Workers Comp Premiums – Type of Tax
Yes, Workers Comp premiums could be thought of as a tax of sorts. The similarities between taxes and Workers Compensation were spelled out in a previous article. Unemployment insurance (UI), which can be viewed as a tax, is even more similar. Below is North Carolina’s explanation of how UI is calculated.
The rules on UI tax calculation that is similar to Workers Comp has been underlined. The underlined passage will be covered in tomorrow’s post. The complete text on UI insurance calculation is here.
What is Unemployment Insurance Tax?
Unemployment Insurance tax is a tax on employer payrolls paid by employers and used to provide funds from which unemployment benefits are paid to qualified unemployed workers. Unemployment tax is not deducted from employee wages.
Unemployment tax payments made by employers are transferred to the Unemployment Insurance Trust Fund in Washington. Employers receive credit for tax payments which are posted to an experience rating account.
These credits are used to determine the rate schedule from which the tax rates for contributory North Carolina employers are assigned on an annual basis. Each year a prorated share of the interest earned on this trust fund is added back to the experience rating account of each North Carolina employer having a credit balance.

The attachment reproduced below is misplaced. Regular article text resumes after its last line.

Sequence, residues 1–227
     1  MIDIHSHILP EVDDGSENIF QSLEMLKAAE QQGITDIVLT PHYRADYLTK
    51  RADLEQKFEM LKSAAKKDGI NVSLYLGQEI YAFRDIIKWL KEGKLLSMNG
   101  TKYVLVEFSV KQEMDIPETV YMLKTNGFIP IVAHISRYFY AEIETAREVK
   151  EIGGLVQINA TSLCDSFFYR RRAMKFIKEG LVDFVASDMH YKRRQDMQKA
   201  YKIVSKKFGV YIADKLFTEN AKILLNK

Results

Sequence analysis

Employers subject to North Carolina unemployment tax pay quarterly tax on a percentage of their payroll. Most newly liable employers will use the standard beginning tax rate as shown below. Employers are notified of their official tax rate by letter if determined liable for unemployment insurance tax.
Experience Rating Accounts
North Carolina Unemployment Insurance tax rates are determined under an experience rating system. An Unemployment Insurance tax account is established for each employer determined liable under the Employment Security Law.
The employer’s account is initially assigned a standard tax rate prescribed by law. After approximately two years, an employer’s tax rate is determined annually based on experience. Experience rating is affected by payroll, tax paid, timeliness of payments and UI benefits charged against the employer’s account. Based on economic conditions, an employer’s tax rate could be as low as .00% and as high as 6.84%.